It was not until 2007, long after my mother and my Aunt Sirarpi had died, that I finally felt ready to take on the serious task of learning more about my grandfather’s life and work and writing his biography. As composer Eve Beglarian once said to me, “You are one of the lucky ones. Your family left breadcrumbs behind.” This was true—our family had some artworks that had survived our various upheavals and we knew there were many more. And in my generation, we had, collectively, a wealth of documents that had not been examined by the art historians who had written about Jerusalem’s Armenian ceramic tradition. I thought that if I could locate my grandfather’s major tile installations, research how they were made, and travel in his footsteps, I might finally be able to answer the questions that remained about our family’s lives in Ottoman Turkey, my grandparents’ deportation and David Ohannessian’s re-establishment of his trade in Jerusalem. Technology was beginning to make it possible to survey some depositories’ holdings remotely, seek help in deciphering curling antique script, find immigration records, and even discover previously unknown genetic relations.
I spent the next decade in libraries and archives. Using the rich records my mother and her siblings left behind, I pieced together my grandfather’s professional life and movements and studied the tumultuous political and artistic trends around him. Some archival discoveries surprised me. One 1919 British Foreign Office note about Ohannessian and the precarious tiling of the Dome of the Rock read, “If he has not been massacred in the interval he might provide the necessary tiles.” I was stunned to find a folder of his deportation documents in the Ottoman Archives. My grandmother’s poignant self-description as a “Palestinian refugee” in her U.S. Alien Registration files struck a chord. Those handwritten records brought the reality of our family’s displacements much closer to my own life.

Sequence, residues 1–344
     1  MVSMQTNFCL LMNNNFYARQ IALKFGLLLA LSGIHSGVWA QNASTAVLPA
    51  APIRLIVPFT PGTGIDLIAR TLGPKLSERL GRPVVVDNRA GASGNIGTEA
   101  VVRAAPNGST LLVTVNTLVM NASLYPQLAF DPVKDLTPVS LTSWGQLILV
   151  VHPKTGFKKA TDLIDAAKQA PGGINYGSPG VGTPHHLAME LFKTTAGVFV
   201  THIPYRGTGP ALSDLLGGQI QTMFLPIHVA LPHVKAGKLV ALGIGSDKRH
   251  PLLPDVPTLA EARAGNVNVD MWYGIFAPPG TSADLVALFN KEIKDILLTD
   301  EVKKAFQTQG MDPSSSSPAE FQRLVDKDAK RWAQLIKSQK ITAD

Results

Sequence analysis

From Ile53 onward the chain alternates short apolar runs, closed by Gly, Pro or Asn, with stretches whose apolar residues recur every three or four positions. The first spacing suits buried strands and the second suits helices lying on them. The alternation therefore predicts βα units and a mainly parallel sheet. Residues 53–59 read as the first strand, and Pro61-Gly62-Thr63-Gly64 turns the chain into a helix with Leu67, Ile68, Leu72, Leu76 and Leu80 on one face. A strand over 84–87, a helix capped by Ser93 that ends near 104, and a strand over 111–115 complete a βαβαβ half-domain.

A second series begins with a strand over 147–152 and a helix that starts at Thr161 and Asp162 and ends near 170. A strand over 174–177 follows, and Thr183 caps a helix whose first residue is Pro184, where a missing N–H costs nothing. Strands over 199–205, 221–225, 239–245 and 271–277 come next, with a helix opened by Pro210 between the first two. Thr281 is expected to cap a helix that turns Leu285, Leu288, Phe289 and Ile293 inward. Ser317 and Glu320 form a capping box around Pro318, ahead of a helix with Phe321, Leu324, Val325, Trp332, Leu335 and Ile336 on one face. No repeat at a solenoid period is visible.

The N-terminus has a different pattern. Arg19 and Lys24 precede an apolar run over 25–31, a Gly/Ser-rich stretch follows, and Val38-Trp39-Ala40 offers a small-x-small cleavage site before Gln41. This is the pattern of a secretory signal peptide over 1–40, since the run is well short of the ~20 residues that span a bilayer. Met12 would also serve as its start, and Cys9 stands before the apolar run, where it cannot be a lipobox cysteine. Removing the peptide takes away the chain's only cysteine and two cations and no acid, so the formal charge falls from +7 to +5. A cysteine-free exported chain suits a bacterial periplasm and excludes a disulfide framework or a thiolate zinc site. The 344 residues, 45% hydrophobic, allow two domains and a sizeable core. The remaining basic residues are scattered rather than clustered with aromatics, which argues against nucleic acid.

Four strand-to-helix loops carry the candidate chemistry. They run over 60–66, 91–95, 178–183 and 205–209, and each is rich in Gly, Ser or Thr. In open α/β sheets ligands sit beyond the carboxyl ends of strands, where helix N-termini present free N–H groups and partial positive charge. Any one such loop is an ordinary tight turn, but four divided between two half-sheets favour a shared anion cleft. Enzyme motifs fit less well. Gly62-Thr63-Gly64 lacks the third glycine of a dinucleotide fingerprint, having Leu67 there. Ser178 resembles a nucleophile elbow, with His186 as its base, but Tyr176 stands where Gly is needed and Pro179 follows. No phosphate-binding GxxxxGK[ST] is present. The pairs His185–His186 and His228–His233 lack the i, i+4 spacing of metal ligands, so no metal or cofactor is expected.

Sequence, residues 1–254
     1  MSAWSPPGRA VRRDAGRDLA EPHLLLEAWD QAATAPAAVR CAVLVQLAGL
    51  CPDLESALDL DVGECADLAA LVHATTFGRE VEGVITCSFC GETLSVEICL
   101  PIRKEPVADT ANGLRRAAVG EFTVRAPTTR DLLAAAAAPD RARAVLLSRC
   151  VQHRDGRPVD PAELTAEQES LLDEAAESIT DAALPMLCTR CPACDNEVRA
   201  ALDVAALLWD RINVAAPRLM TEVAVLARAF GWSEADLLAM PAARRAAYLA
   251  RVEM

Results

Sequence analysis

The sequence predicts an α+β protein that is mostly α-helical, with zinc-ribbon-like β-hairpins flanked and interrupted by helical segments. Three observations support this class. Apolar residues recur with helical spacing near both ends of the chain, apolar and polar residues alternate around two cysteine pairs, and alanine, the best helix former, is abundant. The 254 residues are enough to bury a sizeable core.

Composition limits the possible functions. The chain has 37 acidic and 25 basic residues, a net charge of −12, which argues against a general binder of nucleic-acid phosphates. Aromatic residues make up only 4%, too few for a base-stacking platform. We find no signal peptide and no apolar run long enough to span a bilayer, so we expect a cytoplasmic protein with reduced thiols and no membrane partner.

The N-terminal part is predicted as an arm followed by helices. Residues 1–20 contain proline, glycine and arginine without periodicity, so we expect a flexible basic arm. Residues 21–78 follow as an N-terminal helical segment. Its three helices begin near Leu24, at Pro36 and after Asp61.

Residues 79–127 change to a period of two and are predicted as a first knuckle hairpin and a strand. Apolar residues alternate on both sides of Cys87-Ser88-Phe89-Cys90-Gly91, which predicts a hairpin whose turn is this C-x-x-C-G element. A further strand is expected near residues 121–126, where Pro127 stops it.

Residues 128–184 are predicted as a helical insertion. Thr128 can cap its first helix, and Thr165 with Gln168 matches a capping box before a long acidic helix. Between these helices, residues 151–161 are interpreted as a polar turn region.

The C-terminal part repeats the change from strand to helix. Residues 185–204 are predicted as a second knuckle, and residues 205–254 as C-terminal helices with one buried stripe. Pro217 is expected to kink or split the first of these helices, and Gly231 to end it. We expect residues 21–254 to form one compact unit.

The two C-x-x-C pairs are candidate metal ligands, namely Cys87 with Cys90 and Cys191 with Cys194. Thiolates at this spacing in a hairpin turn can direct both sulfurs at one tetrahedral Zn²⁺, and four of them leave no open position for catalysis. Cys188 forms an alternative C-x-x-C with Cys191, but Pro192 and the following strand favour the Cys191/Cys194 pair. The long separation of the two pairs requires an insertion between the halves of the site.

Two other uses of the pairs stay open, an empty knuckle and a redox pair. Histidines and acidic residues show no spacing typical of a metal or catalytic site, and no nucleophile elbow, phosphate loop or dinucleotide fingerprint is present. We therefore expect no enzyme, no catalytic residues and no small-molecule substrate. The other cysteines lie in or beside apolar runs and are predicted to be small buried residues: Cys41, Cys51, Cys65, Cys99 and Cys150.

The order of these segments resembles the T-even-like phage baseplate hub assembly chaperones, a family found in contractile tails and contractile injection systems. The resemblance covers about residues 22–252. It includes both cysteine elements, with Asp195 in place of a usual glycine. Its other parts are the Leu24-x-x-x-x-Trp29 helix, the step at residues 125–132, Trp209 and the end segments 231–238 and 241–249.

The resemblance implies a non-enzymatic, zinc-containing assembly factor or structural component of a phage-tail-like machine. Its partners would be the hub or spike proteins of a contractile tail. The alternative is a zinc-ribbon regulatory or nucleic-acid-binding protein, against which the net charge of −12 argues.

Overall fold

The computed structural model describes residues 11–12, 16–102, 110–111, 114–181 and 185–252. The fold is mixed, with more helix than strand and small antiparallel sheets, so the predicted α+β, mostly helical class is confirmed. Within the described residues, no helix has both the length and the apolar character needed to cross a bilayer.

Reconstructing my grandfather’s history required going to the places he had lived in Turkey—a challenge I was not eager to face. While there in 2014, I walked through the remains of the old Armenian neighborhood in Kütahya, where our houses and once-lively schools stood as decaying ruins. I found the luminous embellishments my grandfather and his fellow workshop masters had left behind on important buildings in Istanbul, Konya and Kütahya—tiles whose stories have remained, until now, largely untold. With the help of Nancy Kandoian, the New York Public Library map specialist, I found the one historic map that showed my grandfather’s native village, Muradja. An archeologist friend overlaid it on Google Earth and pinpointed the exact location. Traveling to the now nearly silent town, I pictured my ancestors’ anguish as the entire population was forcibly marched away with only 24 hours’ notice in August of 1915. But all these experiences imprinted in me a fierce desire to tell the story of my grandparents’ survival and resilience and to record it for posterity. I wanted to illuminate the dedication with which my grandfather and a small group of artisans took one iconic Ottoman Armenian art—an art rooted in the clays and other minerals indigenous to Anatolia—and made it live again in Palestine, a place that lacked almost every material essential to it. I also wanted to honor my foremothers and forefathers by preserving some of the language of their storytelling. After a decade of work, Feast of Ashes: The Life and Art of David Ohannessian is my attempt to do so. I hope it may encourage others to do the same.